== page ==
It was a sneaky, lowdown masterstroke worthy of Dallas
' dastardly J.R. Ewing himself: Take the star villain of TV's most passion-stirring series, pump two slugs into him on the season's last episode in March, and make 160 million fans in 57 countries fidget for six months to find out whodunit. It was an awful thing to do, and J.R. himself couldn't be more pleased. "Aw, hell," drawls actor Larry Hagman, who made the oil baron so eminently deserving of his fate. "We've set up the most successful cliff-hanger in the history of television."
He can be forgiven the hype. It was a heartlessly brilliant ploy which, on the night of the assassination attempt itself, led to the highest rating of any show this year except for the Super Bowl. The subsequent and unprecedented speculation about J.R.'s unseen assailant suggests that the early fall Nielsens could go even higher—CBS will not reveal the culprit until the third week of the new season.
In the meantime, a quickie single record titled Who Shot J.R.? is heading toward gold. J.R. T-shirts are practically outselling Lacoste, and bookies in London have taken wagers on the identity of the gunman (or -woman). In Dallas
itself the only thing hotter than the series' secret was the 114° weather as location shooting for the new season began. J.R. FOR PRESIDENT bumper stickers outnumbered those for Carter and Reagan, and one day when radio stations tipped off listeners to a filming site, traffic was tied up for 15 miles on a highway near the show's leased Southfork Ranch. Neighbors who at first enjoyed the notoriety are now furious about the crowds that use their lawns as parking lots.
Then, at the height of the frenzy, a script exposing J.R.'s nemesis was reported stolen from the Culver City, Calif., HQ of Lorimar, Dallas
' production company. Lorimar execs, who had previously even shredded key memos after reading them, swore it was no publicity stunt. Indeed, several days later the publisher of L.A.'s Herald-Examiner turned over the purloined document without revealing the contents or who had taken it. Still, there were enough decoy scripts written and alternate endings filmed so that no member of the cast knew the denouement for sure. (The only staffers privy to the secret were executive producers Lee Rich and Philip Capice, producer Len Katzman, executive story editor Arthur Bernard Lewis and story editor Camille Marchetta.) "We're going to do everything in our power to keep the audience guessing until the show airs," declares Katzman. (In the meantime, PEOPLE has buttonholed some famous Texans—page 90—for their guess, and invites its readers to participate in the fun on the attached form.)
At the focus of the folderol, and reveling in it, was Hagman himself, who cheerfully wielded his new Nielsen leverage to rocket his pay to a reported $75,000 per episode. More than once in the negotiations, Lorimar hinted that it could just as easily write him out of the series and exposed enough film to prove it. The gambit: having the wounded J.R. badly burned in an ambulance wreck en route to the hospital. Then, following plastic surgery, J.R. would emerge looking exactly like Hagman's designated replacement—said to be Robert Culp.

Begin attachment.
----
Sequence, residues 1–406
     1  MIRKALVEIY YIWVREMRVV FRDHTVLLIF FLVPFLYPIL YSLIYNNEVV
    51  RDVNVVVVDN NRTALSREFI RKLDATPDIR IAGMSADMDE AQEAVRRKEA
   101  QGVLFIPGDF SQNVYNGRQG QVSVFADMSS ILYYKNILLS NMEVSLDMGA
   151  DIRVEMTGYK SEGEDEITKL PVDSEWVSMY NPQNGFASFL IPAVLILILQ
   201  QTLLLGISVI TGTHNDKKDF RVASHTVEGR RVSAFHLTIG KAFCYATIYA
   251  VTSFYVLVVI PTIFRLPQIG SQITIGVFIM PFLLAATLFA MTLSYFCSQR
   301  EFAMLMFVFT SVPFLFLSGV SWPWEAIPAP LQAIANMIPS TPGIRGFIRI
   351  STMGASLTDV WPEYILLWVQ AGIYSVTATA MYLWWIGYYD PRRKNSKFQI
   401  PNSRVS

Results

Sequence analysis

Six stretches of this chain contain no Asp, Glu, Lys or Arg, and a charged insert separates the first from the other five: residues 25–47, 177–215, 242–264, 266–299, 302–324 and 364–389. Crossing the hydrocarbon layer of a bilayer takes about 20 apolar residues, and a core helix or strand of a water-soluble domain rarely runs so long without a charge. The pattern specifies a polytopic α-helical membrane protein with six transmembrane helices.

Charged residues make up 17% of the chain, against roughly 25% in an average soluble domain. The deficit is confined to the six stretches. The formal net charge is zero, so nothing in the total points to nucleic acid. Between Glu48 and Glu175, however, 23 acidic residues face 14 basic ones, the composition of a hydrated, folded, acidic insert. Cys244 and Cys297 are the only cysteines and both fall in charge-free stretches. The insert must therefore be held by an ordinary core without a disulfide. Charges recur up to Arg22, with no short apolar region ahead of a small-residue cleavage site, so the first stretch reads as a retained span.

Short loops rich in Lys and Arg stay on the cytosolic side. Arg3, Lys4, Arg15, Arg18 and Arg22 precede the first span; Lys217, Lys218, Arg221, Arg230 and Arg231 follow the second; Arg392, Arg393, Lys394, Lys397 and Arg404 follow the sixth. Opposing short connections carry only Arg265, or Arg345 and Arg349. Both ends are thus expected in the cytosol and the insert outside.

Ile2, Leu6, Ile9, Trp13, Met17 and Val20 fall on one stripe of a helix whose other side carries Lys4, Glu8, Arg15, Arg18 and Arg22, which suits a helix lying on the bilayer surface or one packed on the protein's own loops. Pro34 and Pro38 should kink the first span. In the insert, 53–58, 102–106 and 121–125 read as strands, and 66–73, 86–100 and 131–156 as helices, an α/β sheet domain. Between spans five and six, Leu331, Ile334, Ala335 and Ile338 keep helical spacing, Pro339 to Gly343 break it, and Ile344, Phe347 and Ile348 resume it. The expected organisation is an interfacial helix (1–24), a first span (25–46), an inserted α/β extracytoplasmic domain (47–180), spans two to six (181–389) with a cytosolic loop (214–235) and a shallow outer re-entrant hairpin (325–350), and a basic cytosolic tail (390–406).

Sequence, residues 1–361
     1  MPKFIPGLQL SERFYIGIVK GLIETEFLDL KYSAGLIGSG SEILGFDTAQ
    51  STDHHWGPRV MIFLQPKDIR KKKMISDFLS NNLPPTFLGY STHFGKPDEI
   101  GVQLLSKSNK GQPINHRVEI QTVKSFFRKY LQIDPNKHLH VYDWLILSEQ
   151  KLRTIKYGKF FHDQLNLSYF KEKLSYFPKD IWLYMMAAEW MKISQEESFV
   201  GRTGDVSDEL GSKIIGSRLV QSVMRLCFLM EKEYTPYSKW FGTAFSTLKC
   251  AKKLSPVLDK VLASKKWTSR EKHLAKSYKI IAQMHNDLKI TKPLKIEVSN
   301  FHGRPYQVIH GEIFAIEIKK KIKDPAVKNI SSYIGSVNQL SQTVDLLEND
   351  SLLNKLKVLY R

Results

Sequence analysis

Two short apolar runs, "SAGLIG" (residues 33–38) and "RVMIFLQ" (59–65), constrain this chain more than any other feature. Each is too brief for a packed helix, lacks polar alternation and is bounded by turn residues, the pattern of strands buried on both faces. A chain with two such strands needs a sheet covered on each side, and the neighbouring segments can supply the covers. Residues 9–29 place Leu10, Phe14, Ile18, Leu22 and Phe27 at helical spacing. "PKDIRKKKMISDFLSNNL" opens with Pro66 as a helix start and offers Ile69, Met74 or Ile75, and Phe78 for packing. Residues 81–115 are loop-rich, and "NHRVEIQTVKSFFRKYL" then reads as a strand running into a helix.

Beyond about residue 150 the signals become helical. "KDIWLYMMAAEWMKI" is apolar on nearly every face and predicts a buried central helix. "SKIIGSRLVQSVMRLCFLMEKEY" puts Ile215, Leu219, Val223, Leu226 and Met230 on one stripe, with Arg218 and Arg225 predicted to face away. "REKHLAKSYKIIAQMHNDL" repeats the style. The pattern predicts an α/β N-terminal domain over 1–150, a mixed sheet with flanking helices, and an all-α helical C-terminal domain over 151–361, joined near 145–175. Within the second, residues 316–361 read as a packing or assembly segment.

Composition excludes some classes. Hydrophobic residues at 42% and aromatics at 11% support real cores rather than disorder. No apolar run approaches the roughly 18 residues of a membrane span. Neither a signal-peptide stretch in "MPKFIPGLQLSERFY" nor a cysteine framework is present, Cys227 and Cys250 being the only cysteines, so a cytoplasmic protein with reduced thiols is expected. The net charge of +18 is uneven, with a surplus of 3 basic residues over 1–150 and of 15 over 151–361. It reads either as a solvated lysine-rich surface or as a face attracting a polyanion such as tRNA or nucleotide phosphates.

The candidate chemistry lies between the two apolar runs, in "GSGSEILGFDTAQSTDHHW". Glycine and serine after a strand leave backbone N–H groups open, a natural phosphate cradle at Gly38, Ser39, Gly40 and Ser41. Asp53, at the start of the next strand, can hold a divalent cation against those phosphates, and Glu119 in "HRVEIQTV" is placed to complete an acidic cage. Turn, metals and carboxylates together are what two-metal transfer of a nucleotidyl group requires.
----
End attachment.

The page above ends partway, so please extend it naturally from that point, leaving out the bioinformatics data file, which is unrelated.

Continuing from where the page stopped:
By that point Hagman felt that the producers' offer was just and ended his 10-day holdout. "I'll tell you, I feel compassion for the rich—now that I'm one of them," he smiles before making a naked play for international sympathy. "You have to realize I'm going to be 49 soon, and this is my fourth series. It's not going to last forever," he continues, "and I hope to sit out the next down period with a certain equanimity. Life," he observes, "is like a slide trombone—high notes and low notes. But I'm getting to the stage where I just enjoy the hell out of what I'm doing."
During hiatus and holdout, that meant jaunts to Nassau and Britain. While in England, he traded his Stetson for top hat and cutaway and inadvertently upstaged Queen Elizabeth at the terribly proper Ascot opening day. "Every time we walked around," recalls Maj, his wife of 25 years, "I could feel 2,000 pairs of binoculars focused on us." For Hagman, who once played the English stage with his mother, Broadway legend Mary Martin, it was a reminder of time passing. "I've been around so long," old Larry noted, "that the Queen came to see me in South Pacific—and she was a princess then." Although he won more than $9,000 on a 40-1 bet at the races—and gave $1,400 to the widow of the horse's namesake, a butler—his own Who-Shot-J.R. hunch has even longer odds. "I think," winks Hagman, harking back to his I Dream of Jeannie days, "that it was Barbara Eden."
His cast colleagues are equally in the dark. As they gathered in Dallas' swelter for the new season, producer Katzman offered the waiting world one clue: "The assailant will be someone that the audience has seen or heard about. It won't be somebody that J.R. discovered robbing the Ewing office." It was also leaked that J.R.'s abused dipso-nympho wife, Sue Ellen (Linda Gray), would be booked by police in the second show. But did she really do it? And will Dallas
cruelly prolong the suspense by hiding the gunman's identity until even later than the promised third show? The answer comes not with a Ewing-esque smirk but in earnest Nixonian tones appropriate to this tale of power, money and revenge. "We could do that," says a CBS spokesman. "But that would be wrong."